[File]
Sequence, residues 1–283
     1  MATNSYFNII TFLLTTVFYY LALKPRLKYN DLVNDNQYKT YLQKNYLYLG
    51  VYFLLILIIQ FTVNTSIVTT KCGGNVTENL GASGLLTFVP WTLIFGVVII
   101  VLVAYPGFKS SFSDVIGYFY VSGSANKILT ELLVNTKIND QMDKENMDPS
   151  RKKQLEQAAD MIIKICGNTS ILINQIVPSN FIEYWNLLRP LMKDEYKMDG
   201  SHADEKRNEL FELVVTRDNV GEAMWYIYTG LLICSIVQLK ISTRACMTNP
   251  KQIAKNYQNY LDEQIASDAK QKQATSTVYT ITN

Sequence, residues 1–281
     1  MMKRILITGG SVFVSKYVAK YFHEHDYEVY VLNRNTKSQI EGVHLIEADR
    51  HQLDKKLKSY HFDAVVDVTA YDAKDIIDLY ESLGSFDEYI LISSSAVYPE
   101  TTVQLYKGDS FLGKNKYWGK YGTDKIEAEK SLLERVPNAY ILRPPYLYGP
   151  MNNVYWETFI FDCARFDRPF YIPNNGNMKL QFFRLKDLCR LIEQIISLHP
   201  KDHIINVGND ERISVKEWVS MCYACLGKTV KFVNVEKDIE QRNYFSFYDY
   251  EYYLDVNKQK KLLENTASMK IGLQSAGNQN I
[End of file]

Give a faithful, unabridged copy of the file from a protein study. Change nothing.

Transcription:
Sequence, residues 1–283
     1  MATNSYFNII TFLLTTVFYY LALKPRLKYN DLVNDNQYKT YLQKNYLYLG
    51  VYFLLILIIQ FTVNTSIVTT KCGGNVTENL GASGLLTFVP WTLIFGVVII
   101  VLVAYPGFKS SFSDVIGYFY VSGSANKILT ELLVNTKIND QMDKENMDPS
   151  RKKQLEQAAD MIIKICGNTS ILINQIVPSN FIEYWNLLRP LMKDEYKMDG
   201  SHADEKRNEL FELVVTRDNV GEAMWYIYTG LLICSIVQLK ISTRACMTNP
   251  KQIAKNYQNY LDEQIASDAK QKQATSTVYT ITN

Sequence, residues 1–281
     1  MMKRILITGG SVFVSKYVAK YFHEHDYEVY VLNRNTKSQI EGVHLIEADR
    51  HQLDKKLKSY HFDAVVDVTA YDAKDIIDLY ESLGSFDEYI LISSSAVYPE
   101  TTVQLYKGDS FLGKNKYWGK YGTDKIEAEK SLLERVPNAY ILRPPYLYGP
   151  MNNVYWETFI FDCARFDRPF YIPNNGNMKL QFFRLKDLCR LIEQIISLHP
   201  KDHIINVGND ERISVKEWVS MCYACLGKTV KFVNVEKDIE QRNYFSFYDY
   251  EYYLDVNKQK KLLENTASMK IGLQSAGNQN I